Sunday, January 9, 2011

The Divine and the Human in the Text and in the Word

In the course of reviewing the book The Social Life of Scriptures, edited by James S. Bielo, Mark Noll says,

Christian believers of every sort have almost always spoken of the Bible as divine revelation in human form. The best classical teaching on Scripture has insisted that the divinity, the humanity, and the inseparable intertwining of divinity and humanity are crucial for understanding and appropriating Scripture [Books & Culture (September/October 2010), p. 12].

When we are dealing with Scripture, we are dealing with “the inseparable intertwining of divinity and humanity.” Is there a difference, though, in the “inseparable intertwining of divinity and humanity” that is present in the Bible and that which is present in Jesus Christ?

Unless we preachers keep our constant attention on the twin facts that the Bible is divinely inspired and humanly produced, we will lose the appropriate sense of its power and its pertinence. The Bible is both a divine Word and a human word, which makes it more real than any other written word.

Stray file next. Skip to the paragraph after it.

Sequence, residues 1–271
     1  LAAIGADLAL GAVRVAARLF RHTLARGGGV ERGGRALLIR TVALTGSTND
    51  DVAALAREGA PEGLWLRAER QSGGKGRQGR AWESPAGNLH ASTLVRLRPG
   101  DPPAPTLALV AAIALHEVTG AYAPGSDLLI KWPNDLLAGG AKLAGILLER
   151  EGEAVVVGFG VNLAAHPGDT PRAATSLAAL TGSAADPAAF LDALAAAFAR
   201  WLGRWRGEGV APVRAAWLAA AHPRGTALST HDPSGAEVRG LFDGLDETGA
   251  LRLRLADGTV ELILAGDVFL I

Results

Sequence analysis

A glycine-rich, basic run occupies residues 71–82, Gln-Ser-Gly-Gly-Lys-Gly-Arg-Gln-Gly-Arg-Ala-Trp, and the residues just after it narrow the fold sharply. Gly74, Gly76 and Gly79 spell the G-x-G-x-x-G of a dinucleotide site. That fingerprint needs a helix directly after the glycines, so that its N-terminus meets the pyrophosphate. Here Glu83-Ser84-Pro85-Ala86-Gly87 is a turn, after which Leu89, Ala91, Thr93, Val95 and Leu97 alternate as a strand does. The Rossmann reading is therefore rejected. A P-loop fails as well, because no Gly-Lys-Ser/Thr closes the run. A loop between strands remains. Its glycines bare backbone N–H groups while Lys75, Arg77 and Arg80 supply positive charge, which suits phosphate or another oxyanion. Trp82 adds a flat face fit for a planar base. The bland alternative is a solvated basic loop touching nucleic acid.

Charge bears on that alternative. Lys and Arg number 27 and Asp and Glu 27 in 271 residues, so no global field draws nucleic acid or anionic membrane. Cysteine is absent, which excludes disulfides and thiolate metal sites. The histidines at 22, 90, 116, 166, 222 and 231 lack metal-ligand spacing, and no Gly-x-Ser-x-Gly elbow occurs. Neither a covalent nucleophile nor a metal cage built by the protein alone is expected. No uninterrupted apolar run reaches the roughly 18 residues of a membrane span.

Jesus, though, is the Word made flesh. Jesus is the ultimate merging of the human and the divine. It strikes me as idolatrous to raise the Bible to that same level in our thinking. After all, Scripture points to Jesus and Jesus completes Scripture.

I sometimes ponder the implication of the fact that God inspired (literally, “breathed”) the Scriptures; it sounds much like God breathing into the first man, which gave him life, but which did not make him God.

In Jesus, on the other hand, “the Word was God.”

God was in Christ; God breathed the Scriptures.

The difference seems to me important. After all, is not our preaching of the written word only effective if and as it points to and is enlivened by the living Word?

1 comment:

  1. The difference seems important to me as well. Just so long as we remember that you would not be able to say, "Jesus, though, is the Word made flesh. Jesus is the ultimate merging of the human and the divine" without Scripture. Pitting the two against one another, which you certainly aren't doing, is usually not a helpful exercise. Thanks for this and for the Mark Noll quote; he is one of my favorite authors.